The history of Northern France and Belgium is complex and especially tragic due to its central location during the two World Wars.  Someday I’d like to visit and absorb that part of the story in person, but today my plan is to have a look specifically at Northern France’s Biere de Garde; in a future post I’ll circle back for a quick study of the Belgian Saison style. 

Markowski sets up the discussion of biere de garde, to which he dedicates about 20 percent of the book, with the following: “The French have a little-known tradition of beer appreciation.  While they don’t begin to rival the Belgians in the sheer range of flavors and styles, they have a rich beer culture, particularly in the regions of Nord, Pas-de-Calais, and Alsace.”  He goes on to note that in 1905 a British brewer found that there were 1,800 breweries in this region, typically producing less than 3,000 barrels per year, but industrialization of the industry there led to the kind of homogenization that we have experienced in the United States during the 20th Century.

Right there on the label of the Schlafly version is their tribute to the beers of this region.  The modern style is roughly defined by a deep copper color, balanced hop character, and a higher alcohol content of between six and eight percent by volume.  The term “de garde” refers to provisioning beer for later consumption, which was done by either increasing the hops or alcohol content – my sense of it is that the Belgians went in the direction of more hops, while the French went in the direction of more alcohol, but neither went so far as to compromise the character of their local ingredients.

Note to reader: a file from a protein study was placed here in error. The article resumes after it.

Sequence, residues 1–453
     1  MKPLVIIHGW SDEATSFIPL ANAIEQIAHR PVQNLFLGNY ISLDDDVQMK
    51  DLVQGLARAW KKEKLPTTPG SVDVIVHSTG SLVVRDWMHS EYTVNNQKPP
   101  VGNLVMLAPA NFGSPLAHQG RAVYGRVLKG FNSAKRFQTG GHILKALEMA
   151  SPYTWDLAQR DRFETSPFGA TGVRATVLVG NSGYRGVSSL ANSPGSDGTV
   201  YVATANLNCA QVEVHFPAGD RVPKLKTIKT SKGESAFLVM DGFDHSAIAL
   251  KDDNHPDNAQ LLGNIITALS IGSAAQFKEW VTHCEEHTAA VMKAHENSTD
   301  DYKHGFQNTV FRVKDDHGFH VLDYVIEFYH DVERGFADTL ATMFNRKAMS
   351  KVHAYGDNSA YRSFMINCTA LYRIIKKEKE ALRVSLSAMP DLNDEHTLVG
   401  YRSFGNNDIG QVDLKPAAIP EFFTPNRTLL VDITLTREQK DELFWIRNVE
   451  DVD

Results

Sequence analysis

The book goes briefly into the farmhouse tradition in the region.  These beers were created for sustenance, which is why they have such a robust malt bill; but they also were likely produced with a lower alcohol by volume most of the time, since they were meant to provide refreshment for all of the farm laborers.  Stronger beers were brewed later in the spring brewing season, with the intention of storing them for consumption later.

Thinking about Pen Druid’s commitment to the style, obviously based on their travels, I don’t recall much exposure to biere de garde during my own nearly five years in Europe.  I was in Amsterdam a couple of times, but these country ale styles weren’t prevalent there; also a few weeks at various times in Paris – again, it’s not likely I experienced these beers and we were drinking a lot of French red wine, anyway; and also a weekend in Brussels on the way back from Moscow in the 1990’s.  I probably encountered these beers somewhere in the course of all of that, but simply can’t remember, and thus, I can’t attribute liking them so well to memories.

At this point in the development of Hawksbill Brewing, the goal of research like this is to determine whether it’s feasible to have a go at brewing these beers in Luray.  Markowski says they need four weeks of secondary fermentation and conditioning at temperatures in the 32 – 35-degree range.  Committing one of our four fermenters to this process doesn’t seem economically prudent at this point, but perhaps we can have a go at keg conditioning a batch to see if our customers appreciate the beers.


As an alternative, there is the concept of a biere de Noel (note the page is in French) which adds specialty grains to the process.  It’s fermented more quickly, on a pace that is more typical of the beers we’ll have on standard rotation.  As a fall back, at least we can do something like that seasonally with the style, as we build on our experience and skills.